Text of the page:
Garcia Fernandes was a Portuguese Renaissance painter. Like many of painters of the time, Garcia Fernandes was a pupil in the Lisbon workshop of Jorge Afonso, in the 1530s he worked in Coimbra for the monasteries of Santa Clara-a-Velha and of Santa Cruz. In 1533 and 1534, together with Cristóvão de Figueiredo and Gregório Lopes, later, he painted panels for the transept of the Church of St Francis in Évora. Fernandes even painted altarpieces commissioned for the cathedral of Old Goa, in Portuguese India, Garcia Fernandes married in 1518 and had at least nine children. His paintings can be seen in churches and monasteries around Portugal, as well as in the National Museum of Ancient Art
Virtual International Authority File
The Virtual International Authority File is an international authority file. It is a joint project of national libraries and operated by the Online Computer Library Center. The project was initiated by the US Library of Congress, the German National Library, the National Library of France joined the project on October 5,2007. The project transitions to a service of the OCLC on April 4,2012, the aim is to link the national authority files to a single virtual authority file. In this file, identical records from the different data sets are linked together, a VIAF record receives a standard data number, contains the primary see and see records from the original records, and refers to the original authority records. The data are available online and are available for research and data exchange. Reciprocal updating uses the Open Archives Initiative Protocol for Metadata Harvesting protocol, the file numbers are being added to Wikipedia biographical articles and are incorporated into Wikidata. VIAFs clustering algorithm is run every month, as more data are added from participating libraries, clusters of authority records may coalesce or split, leading to some fluctuation in the VIAF identifier of certain authority records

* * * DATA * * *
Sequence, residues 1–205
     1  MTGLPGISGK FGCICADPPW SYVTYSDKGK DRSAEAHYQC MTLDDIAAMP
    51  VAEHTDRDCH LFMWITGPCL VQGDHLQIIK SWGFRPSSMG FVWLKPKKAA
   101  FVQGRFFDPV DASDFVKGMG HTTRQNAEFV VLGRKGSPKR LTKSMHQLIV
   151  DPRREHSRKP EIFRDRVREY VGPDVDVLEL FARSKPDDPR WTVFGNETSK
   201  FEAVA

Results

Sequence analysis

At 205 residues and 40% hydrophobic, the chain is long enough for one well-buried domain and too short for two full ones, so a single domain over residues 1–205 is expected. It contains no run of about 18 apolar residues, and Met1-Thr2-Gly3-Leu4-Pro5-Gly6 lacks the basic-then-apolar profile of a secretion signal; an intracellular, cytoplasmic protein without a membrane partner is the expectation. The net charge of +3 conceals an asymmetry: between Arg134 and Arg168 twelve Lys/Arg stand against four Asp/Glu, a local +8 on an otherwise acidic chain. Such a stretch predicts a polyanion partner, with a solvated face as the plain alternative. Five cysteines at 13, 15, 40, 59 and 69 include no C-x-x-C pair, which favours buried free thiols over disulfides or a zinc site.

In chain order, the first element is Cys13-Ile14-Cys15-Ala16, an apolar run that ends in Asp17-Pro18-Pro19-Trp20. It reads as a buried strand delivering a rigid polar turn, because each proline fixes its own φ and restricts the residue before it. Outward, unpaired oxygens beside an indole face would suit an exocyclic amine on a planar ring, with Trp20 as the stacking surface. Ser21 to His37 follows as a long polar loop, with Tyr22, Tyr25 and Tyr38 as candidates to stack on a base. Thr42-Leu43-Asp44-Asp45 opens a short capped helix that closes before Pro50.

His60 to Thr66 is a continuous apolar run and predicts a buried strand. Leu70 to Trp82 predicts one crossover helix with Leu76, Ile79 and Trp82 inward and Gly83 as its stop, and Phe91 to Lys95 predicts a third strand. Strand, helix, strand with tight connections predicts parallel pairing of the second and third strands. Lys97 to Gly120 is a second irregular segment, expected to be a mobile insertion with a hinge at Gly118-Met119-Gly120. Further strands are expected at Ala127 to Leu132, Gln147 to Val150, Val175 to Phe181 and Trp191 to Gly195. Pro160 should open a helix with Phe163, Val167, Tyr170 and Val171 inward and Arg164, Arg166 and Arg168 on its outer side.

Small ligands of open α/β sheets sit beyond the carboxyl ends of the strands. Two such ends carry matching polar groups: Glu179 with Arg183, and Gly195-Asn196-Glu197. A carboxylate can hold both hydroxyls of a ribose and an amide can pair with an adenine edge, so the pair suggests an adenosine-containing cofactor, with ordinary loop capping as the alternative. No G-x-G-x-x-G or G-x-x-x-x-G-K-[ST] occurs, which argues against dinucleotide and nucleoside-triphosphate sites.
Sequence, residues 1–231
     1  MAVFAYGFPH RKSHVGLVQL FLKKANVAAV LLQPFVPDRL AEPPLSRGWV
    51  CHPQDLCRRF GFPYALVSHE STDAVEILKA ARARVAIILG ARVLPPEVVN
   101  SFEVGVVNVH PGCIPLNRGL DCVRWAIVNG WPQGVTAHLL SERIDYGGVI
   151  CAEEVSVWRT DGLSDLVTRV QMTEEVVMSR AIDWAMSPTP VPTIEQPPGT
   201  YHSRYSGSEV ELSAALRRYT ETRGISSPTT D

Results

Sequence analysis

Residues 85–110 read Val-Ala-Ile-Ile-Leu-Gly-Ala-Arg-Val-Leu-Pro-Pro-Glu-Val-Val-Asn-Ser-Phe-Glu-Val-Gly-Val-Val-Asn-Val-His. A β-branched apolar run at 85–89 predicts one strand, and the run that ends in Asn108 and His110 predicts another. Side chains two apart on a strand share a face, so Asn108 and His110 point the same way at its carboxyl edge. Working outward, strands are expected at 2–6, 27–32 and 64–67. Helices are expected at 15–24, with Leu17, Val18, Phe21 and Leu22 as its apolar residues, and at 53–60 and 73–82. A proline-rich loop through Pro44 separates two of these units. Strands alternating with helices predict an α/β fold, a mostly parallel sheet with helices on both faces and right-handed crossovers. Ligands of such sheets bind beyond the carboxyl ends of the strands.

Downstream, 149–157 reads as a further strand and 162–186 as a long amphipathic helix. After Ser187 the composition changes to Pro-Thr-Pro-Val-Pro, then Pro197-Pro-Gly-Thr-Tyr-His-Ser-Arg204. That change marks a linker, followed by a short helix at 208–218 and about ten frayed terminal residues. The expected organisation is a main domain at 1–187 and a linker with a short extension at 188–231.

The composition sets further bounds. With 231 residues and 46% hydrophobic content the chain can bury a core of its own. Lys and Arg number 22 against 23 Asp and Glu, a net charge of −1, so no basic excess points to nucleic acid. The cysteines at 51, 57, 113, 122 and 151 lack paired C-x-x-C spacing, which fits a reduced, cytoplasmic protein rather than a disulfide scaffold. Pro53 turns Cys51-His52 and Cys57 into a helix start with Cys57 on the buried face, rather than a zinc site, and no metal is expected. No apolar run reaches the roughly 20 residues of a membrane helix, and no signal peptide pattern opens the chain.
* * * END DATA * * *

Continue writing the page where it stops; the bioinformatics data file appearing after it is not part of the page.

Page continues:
Monastery of Santa Cruz (Coimbra)